Pigment Spots: Harmless, but Annoying!


Although from a medical point of view the brown spots are harmless, visually they can be quite disturbing. There are many methods of treating them and one of the most modern is fractional laser technology.

Pigment spots commonly appear on the forehead, the cheek area and above the upper lip. Most hyperpigmentation spots are caused by exposure to sunlight and for this reason, frequently develop on the back of the hand or on the forearms, areas which often less protected against light. If someone has spent a lot of time in the sun, the first brown spots may already appear at the age of 35 or 40. The skin then often looks blotchy and prematurely aged.

Hormones and sun

“As with genetically caused freckles, these are caused by an excess of the pigment melanin. In both cases of over-pigmentation, the dark spots are intensified by UV radiation,” explains Dr. Sonja Sattler, founder and senior physician at Bellari Rosenpark in Frankfurt and Hamburg. Hormones can also have a lot to do with the development of pigment spots. These are then known as melasma or chloasma and are common during pregnancy, menopause, or during a hormone treatment to increase fertility. It is not known exactly how hormones promote the development of spots, but it is a fact that the combination of hormones, sun and blue light as well as genetic predisposition is the trigger. Once the spots are there, they stubbornly remain, even after the hormone balance has levelled off again. Certain types of medication, such as some antibiotics or St. John’s Wort preparations, can also cause hyperpigmentation under UV influence.

Prevention and treatment

Dr. Sattler therefore advises: “Because UV light, in combination with our skin memory, is responsible for the unsightly spots, anyone with a tendency towards pigment spots should, in general, choose a skin care preparation with a high sun protection factor (e.g. SkinCeuticals Ultra Facial Defense 50+) for use during the day. If pigment spots are already visible and, depending on their severity, fruit acid peeling or laser combination treatments are suitable. “Bellari offers SkinCeuticals’ Pigment Balancing Peel as a professional cosmetic treatment. This is performed by trained beauticians who also provide recommendations for an appropriate follow-up care to achieve an optimal result. For more intensive effects, the most modern method is the fractionated laser. It can not only remove pigment spots, but red veins and wrinkles can be dealt with at the same time as well. “The fractional laser renews the skin surface and ensures the breakdown of increased melanin. In combination with a sieve-like damage of the dermis, the formation of new skin cells is stimulated without damaging the cells themselves. This results in a refinement of the facial skin – it appears fresher, smoother and thus also rejuvenated,” says Dr. Sattler.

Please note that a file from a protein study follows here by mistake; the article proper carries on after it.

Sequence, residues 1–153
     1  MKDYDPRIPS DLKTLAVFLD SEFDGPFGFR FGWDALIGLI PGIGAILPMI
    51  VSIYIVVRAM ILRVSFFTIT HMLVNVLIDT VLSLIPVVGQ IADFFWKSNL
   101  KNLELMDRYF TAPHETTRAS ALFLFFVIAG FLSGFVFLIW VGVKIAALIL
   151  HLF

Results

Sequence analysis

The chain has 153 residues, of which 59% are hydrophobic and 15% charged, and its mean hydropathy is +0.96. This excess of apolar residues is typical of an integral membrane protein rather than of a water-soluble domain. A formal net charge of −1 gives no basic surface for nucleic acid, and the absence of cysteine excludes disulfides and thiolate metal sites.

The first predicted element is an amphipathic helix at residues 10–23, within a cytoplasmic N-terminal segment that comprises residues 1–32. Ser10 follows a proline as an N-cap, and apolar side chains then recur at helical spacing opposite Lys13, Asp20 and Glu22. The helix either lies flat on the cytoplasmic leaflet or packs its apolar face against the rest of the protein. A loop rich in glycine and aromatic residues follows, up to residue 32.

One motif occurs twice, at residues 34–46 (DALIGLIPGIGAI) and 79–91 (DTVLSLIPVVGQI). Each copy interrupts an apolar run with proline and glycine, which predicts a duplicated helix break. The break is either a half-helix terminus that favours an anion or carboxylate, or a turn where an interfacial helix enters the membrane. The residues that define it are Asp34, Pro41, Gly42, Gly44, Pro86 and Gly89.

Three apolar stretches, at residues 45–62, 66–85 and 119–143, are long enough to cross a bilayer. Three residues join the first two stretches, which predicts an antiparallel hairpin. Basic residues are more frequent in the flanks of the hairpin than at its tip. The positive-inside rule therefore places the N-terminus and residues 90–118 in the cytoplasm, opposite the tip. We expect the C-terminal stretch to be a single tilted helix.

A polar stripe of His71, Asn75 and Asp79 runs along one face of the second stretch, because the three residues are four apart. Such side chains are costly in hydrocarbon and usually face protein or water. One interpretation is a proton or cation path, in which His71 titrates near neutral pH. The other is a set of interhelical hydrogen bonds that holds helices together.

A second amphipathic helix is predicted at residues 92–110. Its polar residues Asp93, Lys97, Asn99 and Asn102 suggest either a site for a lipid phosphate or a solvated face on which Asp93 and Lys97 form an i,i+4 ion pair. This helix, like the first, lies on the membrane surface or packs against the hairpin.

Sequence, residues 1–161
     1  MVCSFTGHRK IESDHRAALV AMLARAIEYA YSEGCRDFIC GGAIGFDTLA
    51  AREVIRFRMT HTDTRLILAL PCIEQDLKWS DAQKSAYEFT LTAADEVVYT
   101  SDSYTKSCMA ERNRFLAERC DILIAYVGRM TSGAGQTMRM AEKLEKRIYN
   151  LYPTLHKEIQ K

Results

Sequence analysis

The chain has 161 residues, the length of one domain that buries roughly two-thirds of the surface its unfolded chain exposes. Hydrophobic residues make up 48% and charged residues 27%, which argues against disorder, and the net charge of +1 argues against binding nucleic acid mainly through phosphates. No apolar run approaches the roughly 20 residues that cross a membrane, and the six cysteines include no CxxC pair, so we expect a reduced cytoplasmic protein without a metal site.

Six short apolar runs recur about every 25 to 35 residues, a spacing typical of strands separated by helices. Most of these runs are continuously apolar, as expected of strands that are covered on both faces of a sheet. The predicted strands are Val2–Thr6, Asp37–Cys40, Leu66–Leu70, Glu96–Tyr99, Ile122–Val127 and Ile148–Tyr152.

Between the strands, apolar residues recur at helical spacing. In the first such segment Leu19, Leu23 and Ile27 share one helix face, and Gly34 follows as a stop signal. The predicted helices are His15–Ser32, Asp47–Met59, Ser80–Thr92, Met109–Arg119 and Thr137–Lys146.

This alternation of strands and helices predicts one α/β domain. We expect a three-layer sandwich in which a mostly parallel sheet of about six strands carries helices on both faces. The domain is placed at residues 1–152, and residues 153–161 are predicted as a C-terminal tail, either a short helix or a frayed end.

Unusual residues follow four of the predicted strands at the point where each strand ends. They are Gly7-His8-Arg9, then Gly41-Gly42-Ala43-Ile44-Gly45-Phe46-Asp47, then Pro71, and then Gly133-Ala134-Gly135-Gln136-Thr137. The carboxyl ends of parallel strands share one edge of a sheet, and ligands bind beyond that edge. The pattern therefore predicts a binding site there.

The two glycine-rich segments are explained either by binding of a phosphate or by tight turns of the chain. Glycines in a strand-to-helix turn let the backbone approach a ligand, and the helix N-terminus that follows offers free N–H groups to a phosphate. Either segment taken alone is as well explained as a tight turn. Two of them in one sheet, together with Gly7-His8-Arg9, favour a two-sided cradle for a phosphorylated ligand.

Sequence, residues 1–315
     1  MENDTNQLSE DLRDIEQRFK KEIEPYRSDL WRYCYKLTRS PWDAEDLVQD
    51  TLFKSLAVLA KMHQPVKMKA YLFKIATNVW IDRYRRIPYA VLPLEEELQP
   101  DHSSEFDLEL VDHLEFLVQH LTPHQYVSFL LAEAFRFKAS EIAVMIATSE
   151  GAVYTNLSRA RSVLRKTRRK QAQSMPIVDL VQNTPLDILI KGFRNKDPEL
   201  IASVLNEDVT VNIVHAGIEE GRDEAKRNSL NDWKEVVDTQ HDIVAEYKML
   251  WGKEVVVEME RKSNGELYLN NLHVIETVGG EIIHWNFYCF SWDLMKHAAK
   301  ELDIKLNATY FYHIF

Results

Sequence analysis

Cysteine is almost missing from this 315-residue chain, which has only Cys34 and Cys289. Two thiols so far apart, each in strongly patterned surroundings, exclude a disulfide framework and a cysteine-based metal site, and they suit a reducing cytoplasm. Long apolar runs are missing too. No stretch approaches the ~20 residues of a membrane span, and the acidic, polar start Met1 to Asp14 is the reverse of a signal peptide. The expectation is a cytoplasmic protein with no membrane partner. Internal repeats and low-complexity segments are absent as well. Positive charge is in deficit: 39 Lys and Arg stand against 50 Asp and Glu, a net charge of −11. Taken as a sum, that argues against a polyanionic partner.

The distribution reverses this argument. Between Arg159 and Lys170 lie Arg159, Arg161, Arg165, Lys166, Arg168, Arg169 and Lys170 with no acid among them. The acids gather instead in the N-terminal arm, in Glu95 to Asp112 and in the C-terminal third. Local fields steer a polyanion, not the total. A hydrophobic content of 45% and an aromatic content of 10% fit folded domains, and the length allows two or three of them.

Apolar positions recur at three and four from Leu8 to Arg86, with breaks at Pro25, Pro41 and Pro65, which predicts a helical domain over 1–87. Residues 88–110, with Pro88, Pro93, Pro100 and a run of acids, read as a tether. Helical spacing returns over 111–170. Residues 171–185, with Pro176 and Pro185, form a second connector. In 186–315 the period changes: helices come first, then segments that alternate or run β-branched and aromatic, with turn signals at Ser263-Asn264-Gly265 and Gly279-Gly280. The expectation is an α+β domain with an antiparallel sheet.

Gentle to intensive

Depending on the degree of skin damage, the Bellari works with the gentle Emerge laser and the more intensive Icon laser. The light penetrates the skin to a more or lesser depth – with the corresponding effect. During the approximately 45-minute treatment, the dermatologist moves the laser handpiece several times in different directions over the face in order to achieve as uniform a result as possible. If a local anesthetic cream is applied beforehand, almost nothing is felt. After completion, the laser treatment is supplemented with the application of a high dosage vitamin preparation. Any ensuing slight redness or swelling can easily be concealed with make-up. Depending on the result and density of the pigment spots, laser treatment can be repeated. A strong sunscreen must be applied for four weeks before and after the treatment. Those who then wish to continue spending time in the sun will only remain permanently spot free with the consistent use of adequate UV protection.

Sponsored by Bellari

deGerman

Tags: , , , ,

Leave a Reply

Your email address will not be published. Required fields are marked *

This site uses Akismet to reduce spam. Learn how your comment data is processed.


Traveling and Beauty are my passion.
More about C&C

Subscribe to Culture & Cream.

Yes I want to subscribe to the english version of CultureAndCreme's newsletter to receive regular weekly updates about new posts.


Explanations regarding through your consent accepted terms about success measurement, our use of MailChimp and your right of withdrawal, you can find in our Privacy Policy.

Instagram.

Twitter.

© 2018 Margit Rüdiger | Impressum | Privace Agreement